The big news of the day was a report for us Times The proposal that Northern Ireland's DUP Party focus on supporting a form of customs union that would keep the entire UK in a customs union with Brussels, the Times said.

"In a dispute with conservative Brexiteers, DUP leaders pointed out that they could conclude a Norwegian deal with a customs union if they eliminated the threat of Northern Ireland attacks," says Oliver Wright, Policy Editor at Mal.

We know that a large proportion of Labor MPs would support a customs union. This suggests that such a result could well pass the House of Commons.

And remember, May needs to get the DUP on her side if her government is to govern effectively. So maybe she has to go where the DUP leads her. The news ultimately supported Sterling, but were rejected by DUP chief Arlene Foster decided.

"The report on the DUP published this morning in the Times is inaccurate and undoubtedly destined to undermine efforts to make the necessary changes to the withdrawal agreement," Foster said in a statement. "For the future, we want an agreement that will regain control of our money, our laws and our borders through a UK Free Trade Agreement with the EU."

The report was rejected, but as is so often the case with Brexit history, the saying "smoke without fire" often proves to be a useful rule of thumb.

Heightened prospects for a second referendum

Meanwhile, the likelihood of a second Brexit referendum in recent days has risen, according to analysts, who see such a result for Sterling broadly positive.

A report in The Sun states: "Ministers are ready to support a second referendum that could completely end Brexit."

Ex-minister Phillip Lee, who quit over Brexit last year, said there are many more MPs ready to join them, but it's a "big job" to get everyone together.

He said "talks" were going on all the time, but right now it's a "minority sport."

Analysts at RBC Capital Markets say the chance for a second referendum is around 40%, but "there is room to go further, and the markets showed that the preference was that it would be GBP-positive."

Federal Minister opens doors to "substantial renegotiations"

German Foreign Minister Heiko Maas is back in the papers this morning, saying that this time there should be a discussion about whether the draft treaty on Britain's planned withdrawal from the European Union should be reopened.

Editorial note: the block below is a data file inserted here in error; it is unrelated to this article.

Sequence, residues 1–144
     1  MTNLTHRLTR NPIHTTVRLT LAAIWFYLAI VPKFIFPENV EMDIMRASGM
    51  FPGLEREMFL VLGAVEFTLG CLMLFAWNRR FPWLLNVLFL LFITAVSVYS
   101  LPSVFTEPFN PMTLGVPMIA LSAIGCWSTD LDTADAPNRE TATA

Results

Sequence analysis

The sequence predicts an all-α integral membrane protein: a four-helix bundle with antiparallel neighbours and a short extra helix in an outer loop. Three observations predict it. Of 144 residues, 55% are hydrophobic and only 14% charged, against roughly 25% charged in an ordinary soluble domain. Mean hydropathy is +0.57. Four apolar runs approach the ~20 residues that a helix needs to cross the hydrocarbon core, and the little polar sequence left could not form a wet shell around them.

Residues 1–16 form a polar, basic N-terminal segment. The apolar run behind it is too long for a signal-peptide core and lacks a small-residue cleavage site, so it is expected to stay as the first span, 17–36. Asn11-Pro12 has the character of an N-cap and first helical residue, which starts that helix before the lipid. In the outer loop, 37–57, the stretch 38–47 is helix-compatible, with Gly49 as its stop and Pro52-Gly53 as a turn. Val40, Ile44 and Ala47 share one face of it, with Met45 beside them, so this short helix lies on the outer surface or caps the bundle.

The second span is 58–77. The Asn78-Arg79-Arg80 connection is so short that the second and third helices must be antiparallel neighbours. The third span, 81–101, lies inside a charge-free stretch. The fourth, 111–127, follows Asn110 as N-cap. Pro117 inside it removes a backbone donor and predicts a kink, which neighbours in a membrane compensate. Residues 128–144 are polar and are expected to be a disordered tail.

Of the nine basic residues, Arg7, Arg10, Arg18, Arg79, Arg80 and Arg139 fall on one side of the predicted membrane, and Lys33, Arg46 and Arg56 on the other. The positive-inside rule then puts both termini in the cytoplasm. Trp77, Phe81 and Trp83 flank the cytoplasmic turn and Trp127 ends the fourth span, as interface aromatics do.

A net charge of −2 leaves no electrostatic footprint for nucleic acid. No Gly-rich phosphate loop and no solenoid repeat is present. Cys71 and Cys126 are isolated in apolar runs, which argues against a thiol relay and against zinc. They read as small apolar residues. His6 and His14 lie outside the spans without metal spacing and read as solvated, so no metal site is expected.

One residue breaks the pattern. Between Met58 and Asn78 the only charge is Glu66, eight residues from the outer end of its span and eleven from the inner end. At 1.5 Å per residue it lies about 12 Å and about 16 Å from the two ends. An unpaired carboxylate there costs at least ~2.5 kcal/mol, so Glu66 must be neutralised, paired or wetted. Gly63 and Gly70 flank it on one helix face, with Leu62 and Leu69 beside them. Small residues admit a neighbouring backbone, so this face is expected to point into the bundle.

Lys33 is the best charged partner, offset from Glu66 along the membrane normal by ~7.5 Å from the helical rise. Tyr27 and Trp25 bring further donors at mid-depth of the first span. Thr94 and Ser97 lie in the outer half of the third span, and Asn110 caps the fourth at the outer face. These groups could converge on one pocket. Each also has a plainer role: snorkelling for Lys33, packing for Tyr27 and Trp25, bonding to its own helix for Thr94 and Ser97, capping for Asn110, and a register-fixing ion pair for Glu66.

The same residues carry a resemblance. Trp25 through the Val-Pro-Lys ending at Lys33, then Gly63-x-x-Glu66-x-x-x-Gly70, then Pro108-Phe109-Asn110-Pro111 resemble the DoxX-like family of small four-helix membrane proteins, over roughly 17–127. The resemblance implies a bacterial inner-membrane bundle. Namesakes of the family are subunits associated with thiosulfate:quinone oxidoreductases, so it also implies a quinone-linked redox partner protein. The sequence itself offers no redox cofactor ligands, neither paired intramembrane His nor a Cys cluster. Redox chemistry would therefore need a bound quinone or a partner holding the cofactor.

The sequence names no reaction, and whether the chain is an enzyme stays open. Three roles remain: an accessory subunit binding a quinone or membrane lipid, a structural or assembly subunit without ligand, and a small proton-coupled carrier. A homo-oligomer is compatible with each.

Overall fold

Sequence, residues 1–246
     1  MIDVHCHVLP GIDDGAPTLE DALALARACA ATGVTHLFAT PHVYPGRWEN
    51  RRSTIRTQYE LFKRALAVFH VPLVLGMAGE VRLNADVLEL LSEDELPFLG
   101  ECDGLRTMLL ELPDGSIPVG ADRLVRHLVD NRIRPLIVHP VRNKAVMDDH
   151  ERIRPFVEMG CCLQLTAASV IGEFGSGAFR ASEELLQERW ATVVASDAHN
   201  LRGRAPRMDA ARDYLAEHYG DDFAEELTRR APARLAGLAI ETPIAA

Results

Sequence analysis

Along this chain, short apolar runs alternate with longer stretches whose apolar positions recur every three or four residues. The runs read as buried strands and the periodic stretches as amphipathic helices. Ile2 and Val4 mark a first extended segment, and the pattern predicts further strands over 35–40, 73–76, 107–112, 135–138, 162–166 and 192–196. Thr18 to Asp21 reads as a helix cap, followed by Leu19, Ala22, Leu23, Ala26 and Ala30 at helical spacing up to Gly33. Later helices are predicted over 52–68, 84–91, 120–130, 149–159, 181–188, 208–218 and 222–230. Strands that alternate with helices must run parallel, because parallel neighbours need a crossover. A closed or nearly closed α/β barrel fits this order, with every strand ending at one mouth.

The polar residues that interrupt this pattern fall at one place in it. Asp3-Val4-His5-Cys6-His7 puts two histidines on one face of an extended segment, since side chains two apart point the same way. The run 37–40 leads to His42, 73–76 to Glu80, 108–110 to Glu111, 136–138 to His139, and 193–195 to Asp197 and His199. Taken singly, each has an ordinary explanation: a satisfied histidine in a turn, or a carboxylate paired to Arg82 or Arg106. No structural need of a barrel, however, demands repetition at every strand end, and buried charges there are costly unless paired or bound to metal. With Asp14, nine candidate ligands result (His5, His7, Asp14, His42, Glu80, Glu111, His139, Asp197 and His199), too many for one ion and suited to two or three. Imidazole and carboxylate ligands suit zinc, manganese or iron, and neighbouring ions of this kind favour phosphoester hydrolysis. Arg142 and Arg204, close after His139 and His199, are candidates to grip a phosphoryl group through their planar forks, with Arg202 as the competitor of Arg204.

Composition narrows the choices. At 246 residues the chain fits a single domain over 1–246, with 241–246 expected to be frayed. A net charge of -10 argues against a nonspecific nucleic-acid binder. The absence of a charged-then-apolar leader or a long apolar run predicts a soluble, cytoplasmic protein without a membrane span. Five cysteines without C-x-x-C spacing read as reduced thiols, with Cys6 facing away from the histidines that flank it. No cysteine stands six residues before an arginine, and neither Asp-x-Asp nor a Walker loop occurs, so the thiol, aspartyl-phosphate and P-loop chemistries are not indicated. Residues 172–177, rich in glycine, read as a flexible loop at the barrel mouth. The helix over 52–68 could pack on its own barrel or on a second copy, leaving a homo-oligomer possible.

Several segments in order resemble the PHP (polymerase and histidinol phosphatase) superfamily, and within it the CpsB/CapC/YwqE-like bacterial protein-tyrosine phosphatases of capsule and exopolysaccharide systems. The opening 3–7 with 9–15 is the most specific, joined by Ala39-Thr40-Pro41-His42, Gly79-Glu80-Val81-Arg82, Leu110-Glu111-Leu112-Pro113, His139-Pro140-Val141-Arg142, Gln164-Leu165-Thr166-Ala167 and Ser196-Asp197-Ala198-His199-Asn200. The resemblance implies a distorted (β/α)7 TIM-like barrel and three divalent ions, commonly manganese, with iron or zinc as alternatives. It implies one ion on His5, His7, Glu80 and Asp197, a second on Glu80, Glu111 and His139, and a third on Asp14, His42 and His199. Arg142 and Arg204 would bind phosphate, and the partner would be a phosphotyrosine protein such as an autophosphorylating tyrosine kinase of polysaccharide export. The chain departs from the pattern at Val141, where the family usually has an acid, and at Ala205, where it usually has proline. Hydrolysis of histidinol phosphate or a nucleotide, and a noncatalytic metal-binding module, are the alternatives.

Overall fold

Maas says this would only be possible if all EU members agree.

Maas told the public broadcaster ZDF late Thursday that he had spoken with the UK's foreign minister, and it had become clear that this week there was no majority for a no-deal Brexit in the British lower house.

"So the question is what the deal looks like," he told ZDF. "In the end, the question will be whether to resume the deal, which requires the approval of all 27 member states, which means that everyone has to join in. This has to be discussed now."

This is good news for Prime Minister May, as she suggests that her preferred option of reopening the resignation agreement to ensure legal certainty that the Northern Irish restraint can only be temporary is an option.

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Retail sales disappointed

The pound seemed to have stalled on Friday after official data showed a steeper decline in retail spending in December, although losses were low given recent developments in the Brexit process, which could now support the currency into the new week.

Retail sales declined -0.9% in December, partially reversing a 1.3% revised-down in November and a consensus of -0.8%. For all types of business, except those in the food and fuel categories, sales were down in the month.

"This is mainly due to the black-Friday recovery, but it may also be an indication that Brexit's uncertainty is beginning to weigh on consumer spending," said Thomas Pugh, economist at Capital Economics.

According to the Office of National Statistics, sales decreased both in terms of value and in terms of volume for both December and the fourth quarter. On an annualized basis, however, volume growth was lower than the increase in expenditure.

Total spending on the main roads increased by 3.7% by the end of December, while volumes increased by 3%. However, excluding the sale of fuels, these figures fell to 3.1% and 2.6%, respectively.

"It's clear that retailers had a difficult start to the year, with Q4 sales down 0.2% in the fourth quarter, which is not unprecedented, with volumes down 0.3% in the first quarter - and it follows two-quarters of the strong growth, but it nevertheless indicates that consumers have tightened their purses in the face of rising Brexit concerns, "said Samuel Tombs, UK Chief Economist of Pantheon Macroeconomics.

Financial markets value the data because it means economic growth and the impact that consumption can have on inflation. It is inflation that central banks are trying to stem as they raise interest rates.